The Expansion of Online Therapy for Teens During COVID-19

Online therapy is expanding as the COVID-19 pandemic has made in-person therapy less accessible and safe. Before the pandemic, online therapy services were rapidly growing to meet the needs of a new generation. After all, both Millennials and Generation Z already spend the majority of their time on their mobile phones, portable tables, or laptop computers. Given such a focus, working with a remote therapist is not a huge leap for these generations.

The first and most basic question is: “What is online therapy?”. Online therapy is a form of professional mental health counseling services that occur over the Internet. Provided on numerous platforms, services tend to be offered via email, text message, real-time chat, and video conferencing.

Indeed, various early manifestations of tele-counseling have been previously available. However, the technical evolution of video chat systems and broadband internet options led to major growth in online therapy options recently.

Is Online Therapy Effective?

The answer to this question depends on the quality of the services provided and the individual teen. Like with any healthcare provider, online therapy for teens comes in many shapes and forms. Thus, parents need to vet online therapy options as they would an in-person medical provider, making sure their reputation is solid via online reviews and strong credentials. After all, you want your teenager to be in the right hands to best help them on their journey.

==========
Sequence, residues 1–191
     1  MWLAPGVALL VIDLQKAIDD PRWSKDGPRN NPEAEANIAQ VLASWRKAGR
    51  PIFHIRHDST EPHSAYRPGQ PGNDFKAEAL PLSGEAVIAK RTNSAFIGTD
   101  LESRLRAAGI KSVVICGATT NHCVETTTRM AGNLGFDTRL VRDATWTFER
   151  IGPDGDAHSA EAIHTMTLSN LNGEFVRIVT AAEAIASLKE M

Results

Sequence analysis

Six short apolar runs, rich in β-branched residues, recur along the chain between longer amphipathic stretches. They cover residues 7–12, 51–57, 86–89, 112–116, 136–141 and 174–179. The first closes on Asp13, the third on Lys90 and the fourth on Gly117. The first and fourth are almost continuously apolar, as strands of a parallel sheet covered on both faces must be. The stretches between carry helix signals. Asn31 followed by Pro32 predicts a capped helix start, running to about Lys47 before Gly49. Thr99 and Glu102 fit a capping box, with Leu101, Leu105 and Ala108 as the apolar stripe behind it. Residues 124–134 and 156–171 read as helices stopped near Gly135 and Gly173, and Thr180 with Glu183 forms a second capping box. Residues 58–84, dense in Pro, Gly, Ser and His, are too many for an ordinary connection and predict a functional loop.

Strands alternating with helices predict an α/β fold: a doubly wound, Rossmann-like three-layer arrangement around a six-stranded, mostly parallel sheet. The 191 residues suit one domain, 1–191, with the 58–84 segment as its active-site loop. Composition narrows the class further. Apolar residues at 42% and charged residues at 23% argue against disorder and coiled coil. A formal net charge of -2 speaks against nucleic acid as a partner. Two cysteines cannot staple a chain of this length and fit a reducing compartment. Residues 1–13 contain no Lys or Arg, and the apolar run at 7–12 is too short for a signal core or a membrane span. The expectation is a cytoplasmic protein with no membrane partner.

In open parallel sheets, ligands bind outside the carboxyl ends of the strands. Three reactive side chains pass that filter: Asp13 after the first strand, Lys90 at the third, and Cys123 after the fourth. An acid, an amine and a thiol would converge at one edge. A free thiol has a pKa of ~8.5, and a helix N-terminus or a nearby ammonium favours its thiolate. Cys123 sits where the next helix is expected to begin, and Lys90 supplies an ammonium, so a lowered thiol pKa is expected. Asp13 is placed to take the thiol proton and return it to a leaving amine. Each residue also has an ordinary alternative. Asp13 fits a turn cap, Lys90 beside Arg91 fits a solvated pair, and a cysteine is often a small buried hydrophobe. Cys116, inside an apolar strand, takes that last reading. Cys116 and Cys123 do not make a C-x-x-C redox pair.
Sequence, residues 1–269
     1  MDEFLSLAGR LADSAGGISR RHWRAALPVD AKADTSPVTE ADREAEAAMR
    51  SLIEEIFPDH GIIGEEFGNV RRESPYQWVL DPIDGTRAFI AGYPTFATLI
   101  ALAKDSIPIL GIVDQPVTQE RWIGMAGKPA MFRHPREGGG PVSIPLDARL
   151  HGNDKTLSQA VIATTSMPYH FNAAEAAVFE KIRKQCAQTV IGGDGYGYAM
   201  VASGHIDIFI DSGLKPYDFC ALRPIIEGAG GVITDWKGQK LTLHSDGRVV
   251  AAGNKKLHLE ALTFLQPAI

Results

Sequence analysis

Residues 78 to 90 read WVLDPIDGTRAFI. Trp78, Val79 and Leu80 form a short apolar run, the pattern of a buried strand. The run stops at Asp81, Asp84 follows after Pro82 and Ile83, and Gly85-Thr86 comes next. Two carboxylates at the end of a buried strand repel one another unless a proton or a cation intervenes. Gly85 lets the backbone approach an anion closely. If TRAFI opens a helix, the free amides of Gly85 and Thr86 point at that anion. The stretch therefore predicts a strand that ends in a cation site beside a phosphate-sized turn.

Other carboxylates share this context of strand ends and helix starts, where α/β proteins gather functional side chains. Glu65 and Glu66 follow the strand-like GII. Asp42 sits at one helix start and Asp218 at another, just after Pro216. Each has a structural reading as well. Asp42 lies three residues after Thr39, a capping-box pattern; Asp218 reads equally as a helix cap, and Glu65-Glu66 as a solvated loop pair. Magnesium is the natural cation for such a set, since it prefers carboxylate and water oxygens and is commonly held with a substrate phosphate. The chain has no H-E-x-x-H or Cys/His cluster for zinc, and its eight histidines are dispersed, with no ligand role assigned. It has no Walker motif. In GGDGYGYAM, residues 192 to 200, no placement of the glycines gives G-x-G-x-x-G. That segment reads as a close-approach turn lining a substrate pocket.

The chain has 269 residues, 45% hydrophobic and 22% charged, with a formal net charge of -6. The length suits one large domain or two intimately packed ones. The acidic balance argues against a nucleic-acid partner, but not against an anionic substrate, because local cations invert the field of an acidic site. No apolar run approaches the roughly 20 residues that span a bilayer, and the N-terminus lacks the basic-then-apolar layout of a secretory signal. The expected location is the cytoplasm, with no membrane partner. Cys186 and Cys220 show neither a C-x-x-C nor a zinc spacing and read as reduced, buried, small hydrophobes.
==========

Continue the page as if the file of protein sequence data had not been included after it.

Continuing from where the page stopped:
Beyond finding a qualified provider, there is no question that online therapy is effective when properly implemented. According to a 2018 research study published in the US National Library of Medicine by the National Institutes of Health, “Online and virtual therapies are effective resources for addressing the mental health needs of youth. Although the majority of empirical research addresses cognitive-behavioral based programs delivered through CD-ROMs or Internet websites, new approaches continue to be developed and trialed. Indeed, the future of such techniques is limited only by the imagination and drive of those working in this space.”

Given such conclusions, online therapy options for teens with a remote therapist or counselor makes a lot of sense. A form of telemedicine, teletherapy is advancing with the latest innovation in cell phone technology. Therefore, from traditional internet offerings to the newest cell phone apps, a wide range of online therapy options for teens are now available.

Why Is Online Therapy Effective for Teens?

There are many reasons why online therapy for teens is proving to be a useful and innovative resource. Matianna Baldassari, a Los Angeles-based Licensed Marriage & Family Therapist, has extensive experience doing teletherapy with Millennials and Generation Z. She is not surprised that online therapy has grown in popularity.

As Matianna Baldassari explains in an exclusive interview, “Many younger Millennials and Generation Z grew up on screens. For a good portion of them, making the transition to teletherapy comes naturally. For some members of this age group, teletherapy offers a sense of control and privacy that leads to a greater comfort level.”